Velocity is defined as the average number of times a unit of the money supply (for example M-1) is used for certain economic transactions during a specified period of time. If a nation’s money supply is $100 and its citizens spend $600 on final goods and services, then the average number of times the $100 was used to buy final goods and services during that year is 6.

Velocity Determinants

Velocity is determined by the following factors:

  1. The stability of the money.
    If a nation’s money supply is stable, consumers will spend money according to their needs, and businesses will invest money based on their future expected earnings. There is not much reason to believe that consumers and businesses will spend their money more quickly than the year before. However, if the nation’s money supply is not stable (too much money in circulation), and the value of money decreases (inflation), then people will be more likely to spend it more quickly. If, for example, prices double every week, people will spend their paychecks almost immediately. If they hold on to their money until the end of the week, prices will be twice as high. This quicker turnover of the money supply equates to an increase in velocity and makes it feel like there is even more money in circulation than there already is. This combination of too much money in circulation and increased velocity often leads to what is called hyperinflation.
  2. Transportation and technology advances.
    As it becomes easier to transfer and transport money, the money is more quickly available for re-spending. This increases velocity.
  3. People’s ability to save.
    When people save, as opposed to hoard, their money, funds become available to businesses and consumers via financial markets. This increases velocity and leads to greater economic activity. During an economic depression, many people lose faith in the banking system and resort to hoarding. This lowers the money supply and lowers velocity.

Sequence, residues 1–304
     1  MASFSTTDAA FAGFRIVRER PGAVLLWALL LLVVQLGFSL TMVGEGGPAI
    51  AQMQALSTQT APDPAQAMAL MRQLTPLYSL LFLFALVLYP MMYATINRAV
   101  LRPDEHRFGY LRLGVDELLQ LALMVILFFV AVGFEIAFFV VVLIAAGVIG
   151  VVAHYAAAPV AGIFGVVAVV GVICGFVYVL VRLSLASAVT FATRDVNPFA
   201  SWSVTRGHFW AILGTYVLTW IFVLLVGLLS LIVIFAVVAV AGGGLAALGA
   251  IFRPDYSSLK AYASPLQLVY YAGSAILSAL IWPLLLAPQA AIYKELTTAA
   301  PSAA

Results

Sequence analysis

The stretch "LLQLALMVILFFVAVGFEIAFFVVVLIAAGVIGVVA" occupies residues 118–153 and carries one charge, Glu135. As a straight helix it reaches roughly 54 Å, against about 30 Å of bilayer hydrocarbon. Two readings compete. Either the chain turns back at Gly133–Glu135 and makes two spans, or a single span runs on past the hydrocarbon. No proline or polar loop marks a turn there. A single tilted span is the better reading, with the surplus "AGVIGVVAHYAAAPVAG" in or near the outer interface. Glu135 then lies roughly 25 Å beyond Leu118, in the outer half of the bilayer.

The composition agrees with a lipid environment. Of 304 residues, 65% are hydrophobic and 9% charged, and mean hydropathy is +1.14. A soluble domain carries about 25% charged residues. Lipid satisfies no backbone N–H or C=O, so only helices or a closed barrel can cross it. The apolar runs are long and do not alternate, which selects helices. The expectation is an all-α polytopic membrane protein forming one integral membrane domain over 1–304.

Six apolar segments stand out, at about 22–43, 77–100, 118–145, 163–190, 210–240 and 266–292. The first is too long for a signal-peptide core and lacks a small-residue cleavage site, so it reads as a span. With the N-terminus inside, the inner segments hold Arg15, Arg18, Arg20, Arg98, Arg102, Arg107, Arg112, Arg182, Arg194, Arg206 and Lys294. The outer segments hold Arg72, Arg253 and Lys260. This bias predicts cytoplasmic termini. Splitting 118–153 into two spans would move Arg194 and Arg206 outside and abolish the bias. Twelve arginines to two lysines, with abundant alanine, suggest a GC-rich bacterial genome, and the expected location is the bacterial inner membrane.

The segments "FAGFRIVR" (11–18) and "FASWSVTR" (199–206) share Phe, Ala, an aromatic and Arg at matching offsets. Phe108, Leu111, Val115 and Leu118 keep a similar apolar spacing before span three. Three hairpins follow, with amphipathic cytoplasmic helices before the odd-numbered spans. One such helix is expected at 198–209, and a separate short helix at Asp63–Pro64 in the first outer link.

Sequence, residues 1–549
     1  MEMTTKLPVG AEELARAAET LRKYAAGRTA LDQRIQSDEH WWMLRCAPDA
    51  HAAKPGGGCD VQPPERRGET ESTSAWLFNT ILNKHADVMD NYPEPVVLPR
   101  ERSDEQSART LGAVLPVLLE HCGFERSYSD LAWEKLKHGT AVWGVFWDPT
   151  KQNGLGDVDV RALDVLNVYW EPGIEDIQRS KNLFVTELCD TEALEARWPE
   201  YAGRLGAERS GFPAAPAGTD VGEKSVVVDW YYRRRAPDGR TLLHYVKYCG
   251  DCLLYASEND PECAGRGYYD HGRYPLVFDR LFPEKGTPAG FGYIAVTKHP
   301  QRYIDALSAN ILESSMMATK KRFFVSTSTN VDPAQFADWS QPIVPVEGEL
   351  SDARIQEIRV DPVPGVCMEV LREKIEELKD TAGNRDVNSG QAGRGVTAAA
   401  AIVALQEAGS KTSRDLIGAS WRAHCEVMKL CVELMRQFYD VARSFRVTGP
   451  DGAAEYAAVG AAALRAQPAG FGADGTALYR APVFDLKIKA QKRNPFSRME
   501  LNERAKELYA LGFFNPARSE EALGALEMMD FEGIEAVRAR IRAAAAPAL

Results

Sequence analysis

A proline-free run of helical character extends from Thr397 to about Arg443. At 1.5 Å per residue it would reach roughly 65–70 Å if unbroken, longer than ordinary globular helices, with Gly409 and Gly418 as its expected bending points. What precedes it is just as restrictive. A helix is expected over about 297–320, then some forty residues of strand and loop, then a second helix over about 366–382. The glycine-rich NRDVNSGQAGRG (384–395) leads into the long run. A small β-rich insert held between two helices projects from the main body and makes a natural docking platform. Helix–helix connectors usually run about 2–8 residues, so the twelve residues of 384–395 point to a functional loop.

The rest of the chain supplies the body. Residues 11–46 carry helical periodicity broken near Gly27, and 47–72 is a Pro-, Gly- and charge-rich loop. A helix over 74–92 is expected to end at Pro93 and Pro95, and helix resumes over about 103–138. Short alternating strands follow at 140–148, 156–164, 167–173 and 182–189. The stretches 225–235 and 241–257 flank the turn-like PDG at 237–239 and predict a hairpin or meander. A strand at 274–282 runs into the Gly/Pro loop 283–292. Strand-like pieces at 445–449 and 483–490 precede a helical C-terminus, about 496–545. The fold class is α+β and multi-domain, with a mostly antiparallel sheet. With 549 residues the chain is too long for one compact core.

The Formula for Velocity

Velocity of final goods and services is defined as the number of times we use our money supply in order to purchase these goods and services during a period of time.


Velocity = Nominal GDP / Money Supply.
Or, abbreviated:
V = GDP / M

In Unit 3 we learned that GDP = P x Q (where P = the nation’s average price level and Q = the quantity of final products produced), so:

V = P x Q / M
After cross-multiplying, we get:
P x Q = M x V

The Quantity Theory of Money

The above equation is the “Equation of Exchange.” The right side (M x V) represents the volume of money exchanged to pay for the left side (P x Q), the volume of final goods and services.

The equation implies that there is a direct relationship between changes in the money supply (M) and changes in a country’s price level (P).

Experience in industrialized countries shows that velocity (V) is relatively constant from year to year. Real Gross Domestic Product (Q) increases by an average of 2 or 3% each year. Therefore, if the money supply (M) increases by more than 2 or 3% each year, then the price level (P) increases.

The following numerical examples illustrate the effect on the price level (P), given certain changes in the other variables.

Example 1
Let’s assume that in year 1:
P = 5
Q = 20
M = 25
V = 4

Let’s assume that in year 2:
Q = 21 (approximately 4.88% increase, using the arc formula. See Unit 3 of our Microeconomics text for an explanation of the arc formula to calculate percentage changes)
M = 27 (approximately 7.69% increase, using the arc formula)
V remains the same at 4.
Problem: What is the price level in year 2, and how much has the price level changed since year 1?

Solution: Using the equation of exchange for year 2:
P x 21 = 27 x 4
Solving for P:
P = (27 x 4) / 21
P = 108 / 21= 5.14
This means that P increased by approximately 2.76%, using the arc formula [(5.14 – 5) / 5.07)] from year 1 to year 2.

In the above example, the Fed increased the money supply from 25 to 27. Consequently, the price level rose from 5 to 5.14. If the Federal Reserve’s goal is to maintain price stability (no change in the price level), and Q and V change in year 2 as indicated above, then the Fed should have increased the money supply to 26.25 (approximately 4.88% increase) instead of 27. At a price level of 26.25, the price level remains at 5:

Year 1: 5 x 20 = 25 x 4
Year 2: 5 x 21 = 26.25 x 4

Example 2
Let’s assume that in year 1:
P = 8
Q = 30
M = 40
V = 6

Let’s assume that in year 2:
Q = 30 (no change)
M = 40 (no change)
V = 5.5
Problem: What is the change in the price level?

Solution: Using the equation of exchange for year 2:
P x 30 = 40 x 5.5
Solving for P:
P = (40 x 5.5) / 30
P = 220 / 30 = 7.33
This means that P decreased by approximately 8.7%.
Example 2 illustrates that, ceteris paribus, if the Federal Reserve keeps the money supply constant, and velocity decreases, then prices fall.

Video Explanation
For a video explanation of velocity and the equation of exchange, please visit: